Each laptop also sports an excellent touchpad, with Microsoft Precision touchpad support and comfortable surfaces. As mentioned earlier, HP’s version is larger, and that’s a real plus in its favor. Both laptops can be configured with touch displays, the Spectre x360 14 by default and the XPS 13 as an option. Only the HP supports an active pen, which is included in the box and attaches to magnets on the left side of the chassis.
Finally, connectivity is similar between the two laptops, although the Spectre x360 14 comes out on top. Both offer dual USB-C ports with Thunderbolt 4 support, and both have microSD card readers. The HP tosses in a USB-A 3.1 port, though, meaning you don’t need the USB-C to USB-A dongle that Dell includes in the box. Wireless connectivity is a wash, with both supporting the latest Wi-Fi 6 and Bluetooth 5 protocols.
Thecan be configured with either an 11th-gen Intel Tiger Lake Core i5-1135G7 or Core i7-1165G7, while the XPS 13 can be configured with the fastest Tiger Lake CPU, the Core i7-1185G7, as well as the slowest, the Core i3-1115G4. The can also be configured with up to 32GB of RAM compared to the Spectre x360 14’s 16GB maximum. On paper, that gives Dell the performance advantage.
In our testing. the Spectre x360 14 equipped with the Core i7-1165G7 was faster in Cinebench 23 and the PCMark 10 Complete benchmark than even the Core i7-1185G7 version of the XPS 13 — as long as I switched to Performance mode in HP’s Command Center utility. Dell has a similar utility, but it didn’t make as much of a difference in performance over the default “quiet” mode. However, the XPS 13 was faster in our Handbrake video-encoding test.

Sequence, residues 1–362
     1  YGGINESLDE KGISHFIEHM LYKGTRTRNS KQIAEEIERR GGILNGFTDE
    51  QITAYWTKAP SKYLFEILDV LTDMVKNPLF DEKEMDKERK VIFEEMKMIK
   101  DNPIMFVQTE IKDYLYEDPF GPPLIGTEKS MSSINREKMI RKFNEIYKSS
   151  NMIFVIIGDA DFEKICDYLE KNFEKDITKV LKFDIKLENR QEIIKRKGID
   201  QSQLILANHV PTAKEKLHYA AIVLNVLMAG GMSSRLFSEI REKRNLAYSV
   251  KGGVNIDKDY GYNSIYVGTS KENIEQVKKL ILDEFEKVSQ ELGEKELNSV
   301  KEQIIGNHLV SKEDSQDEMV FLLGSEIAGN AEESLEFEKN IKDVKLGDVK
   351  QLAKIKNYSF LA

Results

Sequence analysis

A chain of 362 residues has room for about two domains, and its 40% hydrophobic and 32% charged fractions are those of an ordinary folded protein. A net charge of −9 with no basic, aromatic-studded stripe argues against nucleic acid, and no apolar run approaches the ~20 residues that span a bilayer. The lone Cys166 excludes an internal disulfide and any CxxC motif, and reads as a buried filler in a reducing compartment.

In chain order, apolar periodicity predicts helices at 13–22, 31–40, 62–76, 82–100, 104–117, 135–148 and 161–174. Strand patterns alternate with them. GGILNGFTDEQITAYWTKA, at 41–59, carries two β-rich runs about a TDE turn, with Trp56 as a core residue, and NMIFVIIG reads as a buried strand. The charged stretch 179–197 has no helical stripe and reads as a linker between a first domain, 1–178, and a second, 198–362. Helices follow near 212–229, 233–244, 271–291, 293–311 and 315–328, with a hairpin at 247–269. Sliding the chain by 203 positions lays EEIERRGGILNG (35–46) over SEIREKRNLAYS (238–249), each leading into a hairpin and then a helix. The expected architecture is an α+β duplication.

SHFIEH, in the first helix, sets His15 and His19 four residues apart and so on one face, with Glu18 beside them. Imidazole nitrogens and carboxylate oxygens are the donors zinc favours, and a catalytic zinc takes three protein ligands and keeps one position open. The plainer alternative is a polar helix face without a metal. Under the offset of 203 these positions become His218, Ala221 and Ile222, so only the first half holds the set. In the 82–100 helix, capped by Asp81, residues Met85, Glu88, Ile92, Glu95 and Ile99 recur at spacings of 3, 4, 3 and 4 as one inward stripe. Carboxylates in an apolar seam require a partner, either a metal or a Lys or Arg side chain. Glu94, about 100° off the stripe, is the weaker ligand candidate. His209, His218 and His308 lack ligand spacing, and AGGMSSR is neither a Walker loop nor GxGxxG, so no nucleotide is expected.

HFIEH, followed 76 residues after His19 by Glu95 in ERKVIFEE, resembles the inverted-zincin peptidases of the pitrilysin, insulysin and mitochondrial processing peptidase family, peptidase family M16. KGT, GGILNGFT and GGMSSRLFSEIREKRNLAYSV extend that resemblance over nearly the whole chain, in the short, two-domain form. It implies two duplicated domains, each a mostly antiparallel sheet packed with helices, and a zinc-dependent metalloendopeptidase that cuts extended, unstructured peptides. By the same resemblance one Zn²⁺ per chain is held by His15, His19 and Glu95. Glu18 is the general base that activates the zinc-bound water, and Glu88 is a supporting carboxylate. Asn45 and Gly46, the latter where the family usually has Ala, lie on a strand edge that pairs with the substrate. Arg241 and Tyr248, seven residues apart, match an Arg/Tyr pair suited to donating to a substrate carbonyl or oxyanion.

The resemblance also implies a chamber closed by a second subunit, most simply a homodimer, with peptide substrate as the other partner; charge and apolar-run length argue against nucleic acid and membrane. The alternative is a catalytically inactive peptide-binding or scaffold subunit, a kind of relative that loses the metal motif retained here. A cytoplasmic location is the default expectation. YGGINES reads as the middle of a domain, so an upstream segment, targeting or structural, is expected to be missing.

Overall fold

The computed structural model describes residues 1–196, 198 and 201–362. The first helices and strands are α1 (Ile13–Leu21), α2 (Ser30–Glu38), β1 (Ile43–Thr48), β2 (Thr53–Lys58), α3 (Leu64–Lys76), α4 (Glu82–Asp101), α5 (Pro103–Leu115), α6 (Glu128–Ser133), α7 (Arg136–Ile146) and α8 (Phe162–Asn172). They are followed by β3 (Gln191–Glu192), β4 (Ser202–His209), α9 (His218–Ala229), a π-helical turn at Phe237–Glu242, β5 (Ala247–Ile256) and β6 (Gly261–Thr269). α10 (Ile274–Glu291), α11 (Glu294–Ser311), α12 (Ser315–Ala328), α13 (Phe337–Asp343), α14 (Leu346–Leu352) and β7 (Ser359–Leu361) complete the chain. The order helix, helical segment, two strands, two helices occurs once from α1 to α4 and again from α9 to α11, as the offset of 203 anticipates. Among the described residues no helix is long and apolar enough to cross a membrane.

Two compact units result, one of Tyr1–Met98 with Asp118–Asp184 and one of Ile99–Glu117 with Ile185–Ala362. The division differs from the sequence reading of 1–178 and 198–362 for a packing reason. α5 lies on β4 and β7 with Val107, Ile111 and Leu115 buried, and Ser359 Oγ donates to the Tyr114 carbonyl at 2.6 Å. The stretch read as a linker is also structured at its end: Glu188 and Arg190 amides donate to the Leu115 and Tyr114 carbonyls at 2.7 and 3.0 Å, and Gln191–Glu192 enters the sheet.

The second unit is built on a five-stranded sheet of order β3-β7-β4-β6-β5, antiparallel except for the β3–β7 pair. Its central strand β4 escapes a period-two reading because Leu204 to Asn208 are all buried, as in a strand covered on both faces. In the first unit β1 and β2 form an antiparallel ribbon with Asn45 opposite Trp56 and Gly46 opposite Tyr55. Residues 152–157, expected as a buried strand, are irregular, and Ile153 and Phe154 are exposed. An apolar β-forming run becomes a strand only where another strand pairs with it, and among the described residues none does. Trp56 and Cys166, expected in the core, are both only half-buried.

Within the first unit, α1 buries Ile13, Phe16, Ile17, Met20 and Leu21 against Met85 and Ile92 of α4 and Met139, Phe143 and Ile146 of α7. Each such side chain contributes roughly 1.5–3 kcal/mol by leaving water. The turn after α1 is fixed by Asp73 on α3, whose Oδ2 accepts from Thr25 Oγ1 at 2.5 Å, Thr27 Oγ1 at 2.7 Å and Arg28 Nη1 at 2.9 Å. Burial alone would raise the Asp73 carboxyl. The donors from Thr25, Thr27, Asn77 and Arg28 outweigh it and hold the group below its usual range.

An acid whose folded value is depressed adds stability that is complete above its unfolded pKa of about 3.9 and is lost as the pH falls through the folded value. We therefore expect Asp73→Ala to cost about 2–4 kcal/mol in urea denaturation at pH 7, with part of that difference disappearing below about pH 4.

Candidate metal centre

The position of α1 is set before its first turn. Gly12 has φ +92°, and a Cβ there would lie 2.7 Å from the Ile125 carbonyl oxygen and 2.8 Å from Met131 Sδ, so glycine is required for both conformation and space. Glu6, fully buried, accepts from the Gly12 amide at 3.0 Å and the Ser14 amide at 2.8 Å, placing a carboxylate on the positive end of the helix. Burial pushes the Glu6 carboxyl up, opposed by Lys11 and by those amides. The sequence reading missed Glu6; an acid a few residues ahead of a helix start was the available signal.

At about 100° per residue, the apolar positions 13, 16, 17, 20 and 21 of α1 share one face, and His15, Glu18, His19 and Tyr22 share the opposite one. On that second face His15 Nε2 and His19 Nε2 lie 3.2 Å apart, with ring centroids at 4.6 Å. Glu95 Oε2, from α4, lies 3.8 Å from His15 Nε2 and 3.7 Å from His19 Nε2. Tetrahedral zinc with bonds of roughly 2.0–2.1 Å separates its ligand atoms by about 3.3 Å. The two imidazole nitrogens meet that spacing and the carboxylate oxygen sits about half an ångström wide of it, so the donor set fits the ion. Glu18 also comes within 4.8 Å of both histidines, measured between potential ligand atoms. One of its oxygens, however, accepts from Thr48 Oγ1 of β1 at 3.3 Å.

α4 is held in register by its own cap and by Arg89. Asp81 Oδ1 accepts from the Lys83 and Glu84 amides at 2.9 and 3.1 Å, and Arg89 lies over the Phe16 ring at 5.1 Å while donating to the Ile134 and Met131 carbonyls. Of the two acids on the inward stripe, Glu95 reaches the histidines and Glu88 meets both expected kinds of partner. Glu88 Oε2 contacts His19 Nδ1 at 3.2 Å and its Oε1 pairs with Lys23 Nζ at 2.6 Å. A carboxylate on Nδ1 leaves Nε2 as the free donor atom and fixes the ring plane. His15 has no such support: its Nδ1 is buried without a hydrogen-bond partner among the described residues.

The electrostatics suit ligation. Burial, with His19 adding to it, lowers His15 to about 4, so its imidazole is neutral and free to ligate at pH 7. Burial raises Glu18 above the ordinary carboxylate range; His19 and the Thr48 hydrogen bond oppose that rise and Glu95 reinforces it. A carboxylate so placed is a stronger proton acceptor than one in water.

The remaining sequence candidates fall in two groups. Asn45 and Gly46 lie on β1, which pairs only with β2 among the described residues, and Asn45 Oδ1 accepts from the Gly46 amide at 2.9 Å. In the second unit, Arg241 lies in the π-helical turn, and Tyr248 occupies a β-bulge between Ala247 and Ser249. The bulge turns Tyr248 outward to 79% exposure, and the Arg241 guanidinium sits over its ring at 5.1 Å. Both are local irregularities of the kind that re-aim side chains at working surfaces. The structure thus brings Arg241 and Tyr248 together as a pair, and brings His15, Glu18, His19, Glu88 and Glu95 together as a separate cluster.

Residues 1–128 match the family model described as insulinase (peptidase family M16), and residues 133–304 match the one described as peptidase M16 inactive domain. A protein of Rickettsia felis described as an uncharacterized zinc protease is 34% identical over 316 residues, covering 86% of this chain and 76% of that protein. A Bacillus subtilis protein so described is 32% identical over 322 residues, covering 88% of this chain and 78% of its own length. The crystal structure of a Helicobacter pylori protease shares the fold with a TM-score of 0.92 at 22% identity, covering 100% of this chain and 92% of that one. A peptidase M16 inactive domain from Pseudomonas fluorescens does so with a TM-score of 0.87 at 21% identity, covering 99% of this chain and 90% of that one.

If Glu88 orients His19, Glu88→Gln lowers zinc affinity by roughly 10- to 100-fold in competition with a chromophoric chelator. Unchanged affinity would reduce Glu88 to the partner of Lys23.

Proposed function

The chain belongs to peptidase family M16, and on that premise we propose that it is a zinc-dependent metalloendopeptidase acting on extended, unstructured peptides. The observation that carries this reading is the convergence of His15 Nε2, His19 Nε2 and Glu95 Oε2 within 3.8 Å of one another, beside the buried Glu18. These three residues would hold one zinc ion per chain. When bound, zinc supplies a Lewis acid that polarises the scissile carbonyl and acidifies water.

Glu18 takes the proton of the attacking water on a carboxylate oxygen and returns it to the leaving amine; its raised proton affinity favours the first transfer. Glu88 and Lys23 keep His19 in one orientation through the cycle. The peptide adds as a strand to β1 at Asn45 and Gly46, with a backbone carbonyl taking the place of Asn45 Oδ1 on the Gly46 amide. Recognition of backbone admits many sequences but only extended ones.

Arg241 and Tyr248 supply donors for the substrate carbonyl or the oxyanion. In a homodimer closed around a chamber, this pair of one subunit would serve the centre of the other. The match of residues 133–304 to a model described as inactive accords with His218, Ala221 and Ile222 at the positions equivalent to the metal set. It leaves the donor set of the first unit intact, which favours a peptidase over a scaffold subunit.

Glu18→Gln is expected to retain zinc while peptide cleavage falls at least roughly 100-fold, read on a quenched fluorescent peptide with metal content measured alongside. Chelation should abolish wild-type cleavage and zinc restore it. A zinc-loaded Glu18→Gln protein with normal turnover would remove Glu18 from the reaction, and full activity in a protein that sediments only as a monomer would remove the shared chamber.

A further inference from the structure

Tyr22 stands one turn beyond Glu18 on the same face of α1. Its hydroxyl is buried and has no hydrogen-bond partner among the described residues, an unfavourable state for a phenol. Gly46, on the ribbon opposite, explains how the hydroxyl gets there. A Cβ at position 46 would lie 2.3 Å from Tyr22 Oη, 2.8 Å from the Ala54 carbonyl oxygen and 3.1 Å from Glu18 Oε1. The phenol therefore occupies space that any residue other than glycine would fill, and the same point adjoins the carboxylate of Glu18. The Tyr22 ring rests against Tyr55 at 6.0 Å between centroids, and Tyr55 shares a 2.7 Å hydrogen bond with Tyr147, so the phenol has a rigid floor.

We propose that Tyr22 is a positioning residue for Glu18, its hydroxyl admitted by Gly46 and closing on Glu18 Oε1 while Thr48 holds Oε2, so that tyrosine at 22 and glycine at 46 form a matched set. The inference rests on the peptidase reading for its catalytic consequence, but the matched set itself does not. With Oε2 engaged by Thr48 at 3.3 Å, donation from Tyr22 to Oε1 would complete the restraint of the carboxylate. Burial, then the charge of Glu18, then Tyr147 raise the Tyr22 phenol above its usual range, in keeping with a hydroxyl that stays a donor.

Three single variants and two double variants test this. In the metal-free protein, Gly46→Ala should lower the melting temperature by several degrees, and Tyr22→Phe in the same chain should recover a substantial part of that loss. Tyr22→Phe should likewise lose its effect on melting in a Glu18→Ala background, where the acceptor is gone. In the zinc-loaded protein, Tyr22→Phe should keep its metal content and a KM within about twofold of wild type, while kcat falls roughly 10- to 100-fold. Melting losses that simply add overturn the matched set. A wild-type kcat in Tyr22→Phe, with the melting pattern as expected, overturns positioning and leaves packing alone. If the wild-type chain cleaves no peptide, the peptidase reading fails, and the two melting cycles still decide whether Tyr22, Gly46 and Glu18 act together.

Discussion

While the results varied by benchmark, both laptops are high-speed productivity machines that will meet the needs of all but demanding creative pros. They can’t quite keep up with AMD Ryzen 4000-based laptops in CPU-intensive tasks, and the Apple M1 machines are faster in their own native apps, but you won’t find that the Spectre x360 14 or the XPS 13 will slow you down. Neither are gaming laptops, but the Intel Xe graphics in both let them run modern titles at lower resolutions and lesser graphical details — roughly equivalent to machines using low-end discrete GPUs like Nvidia’s GeForce MX350 or 450.
HP offers three displays for the Spectre x360 14, a WUXGA+ (1,920 x 1,280) 400-nit panel, a WUXGA+ 1000nit privacy screen, and a 3K2K (3,000 x 2,000) resolution OLED display. The latter was installed on my review unit, and it’s a beauty. It offers incredibly deep contrast that IPS panels can’t come close to matching, very wide and accurate colors, and good brightness. The XPS 13 can be equipped with either a Full HD+ (1,920 x 1,200) IPS display or a 4K+ (4,840 x 2,400) IPS panel. The latter offers wider and more accurate colors and higher contrast than the typical premium laptop, but it doesn’t come close to HP’s OLED display in either metric. The XPS 13’s display is quite a bit brighter, however.